One of four finalists for national superintendent of the year, Northside ISD’s Brian Woods will be interviewed by a panel in Washington, D.C., on Jan. 10.
The main problem with the current school finance structure is a topic that panelists agreed upon: There isn’t enough state money going to public schools.
Woods was up one of five finalists up for the award and ultimately beat out his peers in Port Arthur, Willis, Shallowater, and Clint ISDs.
City CFO Ben Gorzell said this is the first time he has seen traditional school districts weigh in on this “very narrow procedural approval.”
Northside ISD has not changed its tax rate in the past eight years. But homeowners may still see an increase in their tax bill as property values climb.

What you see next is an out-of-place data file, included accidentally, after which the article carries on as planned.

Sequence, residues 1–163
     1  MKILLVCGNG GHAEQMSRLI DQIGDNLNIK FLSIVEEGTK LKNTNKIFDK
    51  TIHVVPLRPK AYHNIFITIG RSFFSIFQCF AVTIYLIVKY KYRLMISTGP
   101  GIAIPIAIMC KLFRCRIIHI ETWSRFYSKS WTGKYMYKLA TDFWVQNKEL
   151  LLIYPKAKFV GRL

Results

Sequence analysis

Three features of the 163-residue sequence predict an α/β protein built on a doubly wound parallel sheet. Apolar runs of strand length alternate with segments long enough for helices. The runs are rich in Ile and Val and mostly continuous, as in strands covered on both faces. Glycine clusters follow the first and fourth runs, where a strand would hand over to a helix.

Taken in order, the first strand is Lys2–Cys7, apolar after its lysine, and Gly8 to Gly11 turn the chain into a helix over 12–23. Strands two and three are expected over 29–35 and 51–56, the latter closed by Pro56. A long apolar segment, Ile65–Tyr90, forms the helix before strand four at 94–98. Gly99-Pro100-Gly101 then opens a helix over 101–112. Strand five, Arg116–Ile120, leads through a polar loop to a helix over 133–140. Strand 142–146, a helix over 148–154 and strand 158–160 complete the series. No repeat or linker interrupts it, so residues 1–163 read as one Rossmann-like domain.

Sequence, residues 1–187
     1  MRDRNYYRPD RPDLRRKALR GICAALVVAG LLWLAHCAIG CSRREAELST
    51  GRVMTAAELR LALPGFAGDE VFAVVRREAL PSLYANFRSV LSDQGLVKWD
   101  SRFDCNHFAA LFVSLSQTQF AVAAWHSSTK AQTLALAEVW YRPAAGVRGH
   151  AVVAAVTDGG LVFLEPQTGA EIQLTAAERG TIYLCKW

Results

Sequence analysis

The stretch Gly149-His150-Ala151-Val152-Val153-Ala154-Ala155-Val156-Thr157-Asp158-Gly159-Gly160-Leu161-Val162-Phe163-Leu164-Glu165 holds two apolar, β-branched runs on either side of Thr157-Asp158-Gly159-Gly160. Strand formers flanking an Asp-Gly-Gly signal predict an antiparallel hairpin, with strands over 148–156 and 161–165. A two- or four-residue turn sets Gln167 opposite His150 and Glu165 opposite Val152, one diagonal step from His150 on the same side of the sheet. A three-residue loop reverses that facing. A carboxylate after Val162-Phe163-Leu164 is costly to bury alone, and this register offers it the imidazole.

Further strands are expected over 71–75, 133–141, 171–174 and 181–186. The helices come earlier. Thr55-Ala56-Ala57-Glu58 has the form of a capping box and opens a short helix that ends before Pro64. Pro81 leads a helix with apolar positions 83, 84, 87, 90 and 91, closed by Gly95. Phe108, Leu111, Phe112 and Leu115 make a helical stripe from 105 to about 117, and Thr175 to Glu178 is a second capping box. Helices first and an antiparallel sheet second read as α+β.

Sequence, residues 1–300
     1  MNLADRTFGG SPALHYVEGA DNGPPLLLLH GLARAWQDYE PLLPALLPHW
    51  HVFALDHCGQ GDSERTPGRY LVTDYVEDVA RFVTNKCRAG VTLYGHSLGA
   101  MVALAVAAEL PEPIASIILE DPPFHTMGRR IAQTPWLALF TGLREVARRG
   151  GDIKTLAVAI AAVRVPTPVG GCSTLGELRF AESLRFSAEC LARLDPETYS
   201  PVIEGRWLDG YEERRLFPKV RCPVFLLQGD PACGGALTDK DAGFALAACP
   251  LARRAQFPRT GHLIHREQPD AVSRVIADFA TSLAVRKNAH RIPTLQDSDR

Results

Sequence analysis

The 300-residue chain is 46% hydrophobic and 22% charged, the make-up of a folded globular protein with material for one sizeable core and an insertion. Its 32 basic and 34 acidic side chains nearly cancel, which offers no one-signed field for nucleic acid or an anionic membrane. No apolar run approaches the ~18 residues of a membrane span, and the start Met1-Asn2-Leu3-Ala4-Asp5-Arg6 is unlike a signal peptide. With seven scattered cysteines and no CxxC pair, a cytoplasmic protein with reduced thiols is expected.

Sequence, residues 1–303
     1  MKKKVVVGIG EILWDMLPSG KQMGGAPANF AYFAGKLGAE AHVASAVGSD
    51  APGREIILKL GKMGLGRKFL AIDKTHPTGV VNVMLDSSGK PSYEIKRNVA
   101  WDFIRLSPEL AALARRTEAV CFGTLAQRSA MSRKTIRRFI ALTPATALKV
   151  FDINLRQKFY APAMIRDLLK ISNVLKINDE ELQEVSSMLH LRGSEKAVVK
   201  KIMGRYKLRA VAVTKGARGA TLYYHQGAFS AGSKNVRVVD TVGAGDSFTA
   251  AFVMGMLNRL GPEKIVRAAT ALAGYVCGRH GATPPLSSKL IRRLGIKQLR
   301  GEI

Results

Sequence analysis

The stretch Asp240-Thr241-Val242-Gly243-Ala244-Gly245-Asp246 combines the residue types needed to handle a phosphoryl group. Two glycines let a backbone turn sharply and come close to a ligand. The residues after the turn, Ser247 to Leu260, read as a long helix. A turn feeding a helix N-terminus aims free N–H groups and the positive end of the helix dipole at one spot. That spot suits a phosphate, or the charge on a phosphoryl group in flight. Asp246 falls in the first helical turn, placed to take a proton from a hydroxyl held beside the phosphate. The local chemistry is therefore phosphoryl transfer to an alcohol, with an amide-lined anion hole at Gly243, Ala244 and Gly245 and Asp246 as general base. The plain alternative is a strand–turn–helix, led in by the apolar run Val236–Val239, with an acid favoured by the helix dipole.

Participants in a school finance forum sought help from business leaders in electing lawmakers friendly to public education.
Voters approved the NISD’s nearly $849 million bond package Saturday, the largest in the district’s history, while in the Alamo Colleges District, one incumbent trustee and a challenger are headed to runoffs.
Voters from Northside Independent School District and select Alamo College single member districts will face a choice on the May 5 ballot in an election that typically receives sparse voter turnout.
The committee’s goal is to propose a legislative agenda in the summer that summarizes potential solutions to improving the school finance system.
Northside Independent School District, San Antonio’s largest school district, will ask voters to approve a bond of $848.91 million in May.